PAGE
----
Pinellas art group brings mini murals to north county communities
Tampa Bay loves its city and neighborhood pride. It's common in Tampa and St. Pete to see houses show off flags for neighborhoods like Historic Kenwood and Seminole Heights.
- An artist in Dunedin has painted more than 1,000 oranges across the city, a nod to its citrusy history, and a local business is devoted to making small wooden replicas of neighborhood, city and business signs for home decor.
Driving the news: Now, thanks to a recently formed, all-female art collective in Pinellas County, residents in Palm Harbor, Safety Harbor and Tarpon Springs can get in on the trend.
- Inspired by the Dunedin oranges, Palm Harbor's Michelle Wright created a little palm tree to represent her community, and she worked with other artists to design a sponge-diver helmet for Tarpon Springs and an anchor for Safety Harbor.
Flashback: Over the pandemic, Wright, 38, quit her insurance job to pursue a full-time art career and was looking for ways to get her name out there.
- In August 2021, she posted her palm tree design in the 36,000-member Palm Harbor Happenings Facebook group, asking if anyone wanted her to paint one on their home at no cost. The only rule was that it had to be on the exterior of the house to achieve a visible sense of community.
- Wright, who is better known by her artist name, Michelle Sasha, expected 10 or 20 people to sign up. Within an hour, there were 100, and in the next few days, another 200.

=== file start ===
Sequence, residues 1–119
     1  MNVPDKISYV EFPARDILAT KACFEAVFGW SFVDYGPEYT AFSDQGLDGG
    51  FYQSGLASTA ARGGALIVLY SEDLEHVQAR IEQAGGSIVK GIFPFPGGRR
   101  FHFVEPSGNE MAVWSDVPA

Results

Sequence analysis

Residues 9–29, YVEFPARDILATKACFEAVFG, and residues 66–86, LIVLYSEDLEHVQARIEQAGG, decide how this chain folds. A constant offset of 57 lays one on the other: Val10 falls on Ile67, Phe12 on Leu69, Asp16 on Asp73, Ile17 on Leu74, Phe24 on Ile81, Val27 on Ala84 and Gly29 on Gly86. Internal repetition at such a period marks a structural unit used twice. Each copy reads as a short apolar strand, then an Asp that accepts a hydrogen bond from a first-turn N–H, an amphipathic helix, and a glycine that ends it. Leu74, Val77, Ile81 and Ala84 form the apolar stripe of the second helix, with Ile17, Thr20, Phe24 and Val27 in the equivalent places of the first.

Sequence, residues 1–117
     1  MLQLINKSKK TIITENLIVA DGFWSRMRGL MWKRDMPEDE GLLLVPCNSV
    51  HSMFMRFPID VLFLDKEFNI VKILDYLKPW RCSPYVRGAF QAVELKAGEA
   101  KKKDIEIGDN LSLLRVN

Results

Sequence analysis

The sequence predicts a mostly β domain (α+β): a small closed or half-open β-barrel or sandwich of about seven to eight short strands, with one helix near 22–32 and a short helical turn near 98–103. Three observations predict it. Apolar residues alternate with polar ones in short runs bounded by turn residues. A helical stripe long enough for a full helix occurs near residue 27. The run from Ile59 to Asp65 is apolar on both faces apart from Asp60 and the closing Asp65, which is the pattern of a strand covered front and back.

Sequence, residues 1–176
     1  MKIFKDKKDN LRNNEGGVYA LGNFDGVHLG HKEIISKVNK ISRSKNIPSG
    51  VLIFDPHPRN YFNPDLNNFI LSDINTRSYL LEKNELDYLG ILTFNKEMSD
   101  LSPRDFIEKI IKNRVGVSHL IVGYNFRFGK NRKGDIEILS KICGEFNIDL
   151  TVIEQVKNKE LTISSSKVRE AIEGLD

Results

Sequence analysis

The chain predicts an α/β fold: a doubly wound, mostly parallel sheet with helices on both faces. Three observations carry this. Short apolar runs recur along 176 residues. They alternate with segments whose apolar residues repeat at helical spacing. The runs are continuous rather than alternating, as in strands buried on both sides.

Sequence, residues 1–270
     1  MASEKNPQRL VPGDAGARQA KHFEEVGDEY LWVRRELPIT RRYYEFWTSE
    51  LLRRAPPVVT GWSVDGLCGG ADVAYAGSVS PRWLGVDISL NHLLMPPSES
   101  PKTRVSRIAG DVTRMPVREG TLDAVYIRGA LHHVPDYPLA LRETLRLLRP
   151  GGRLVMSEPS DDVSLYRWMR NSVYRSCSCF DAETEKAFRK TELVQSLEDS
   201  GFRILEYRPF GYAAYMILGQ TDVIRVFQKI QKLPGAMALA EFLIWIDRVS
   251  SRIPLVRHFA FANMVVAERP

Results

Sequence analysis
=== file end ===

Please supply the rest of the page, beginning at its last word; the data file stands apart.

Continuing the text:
State of play: By the spring of 2022, she'd painted 500 trees across the community — all for free — and the requests were still coming in. Plus, she'd been picking up other painting jobs in the area, to the point where she was booking three to four months in advance. Wright needed help.
- Enter Shiyenne Muentes and Meredith Solomon, both 18.
- Muentes, looking for work, cold messaged Wright's sister to see if she wanted a mural on the Palm Harbor hair salon she owns. Wright's sister connected the two painters, much to the excitement of Muentes. "I was like, 'This is my calling,'" she said.
- Solomon helped between clarinet rehearsals for the Tarpon Springs High marching band. And since graduating this year, she's thrown herself back into painting.
The intrigue: Wright started handing off some of her projects to Muentes (artist name Shiyenne Alora) and Solomon (Edith S), and it got her thinking.
- In a field that's tough to break into and even tougher to make a living in, she thought, why don't we work together and learn from each other?
- "We can all make money, we're not competing, and we can all work on stuff that we really love," Wright told Axios. In January, ArtFluent Creatives was born.
The latest: The collective now has about a dozen artists, Wright said, six of whom work full time. The group is made of women and girls, which she said happened organically, and she's glad to add more female representation to the street art scene.
- Muentes now handles the Palm Harbor palm trees, and Solomon is working on the sponge-diver helmets in Tarpon Springs, in honor of the city's sponge docks and Greek heritage. She's done 50-60 so far.
- A third artist with the collective is starting a project in Safety Harbor painting anchors.
What she's saying: "We have such a tight-knit family group," Wright said. "I pinch myself every day."
Interested in a mural? Contact ArtFluent at [email protected]. The murals are free, but the group accepts donations.
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